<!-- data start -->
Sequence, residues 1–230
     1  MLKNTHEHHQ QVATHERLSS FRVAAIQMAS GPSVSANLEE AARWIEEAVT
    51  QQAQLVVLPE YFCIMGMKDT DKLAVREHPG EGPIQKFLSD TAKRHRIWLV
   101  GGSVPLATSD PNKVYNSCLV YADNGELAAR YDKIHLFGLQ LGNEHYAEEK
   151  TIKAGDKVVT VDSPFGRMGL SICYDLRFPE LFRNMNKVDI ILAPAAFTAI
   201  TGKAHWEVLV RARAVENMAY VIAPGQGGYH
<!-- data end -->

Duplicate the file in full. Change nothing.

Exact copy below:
Sequence, residues 1–230
     1  MLKNTHEHHQ QVATHERLSS FRVAAIQMAS GPSVSANLEE AARWIEEAVT
    51  QQAQLVVLPE YFCIMGMKDT DKLAVREHPG EGPIQKFLSD TAKRHRIWLV
   101  GGSVPLATSD PNKVYNSCLV YADNGELAAR YDKIHLFGLQ LGNEHYAEEK
   151  TIKAGDKVVT VDSPFGRMGL SICYDLRFPE LFRNMNKVDI ILAPAAFTAI
   201  TGKAHWEVLV RARAVENMAY VIAPGQGGYH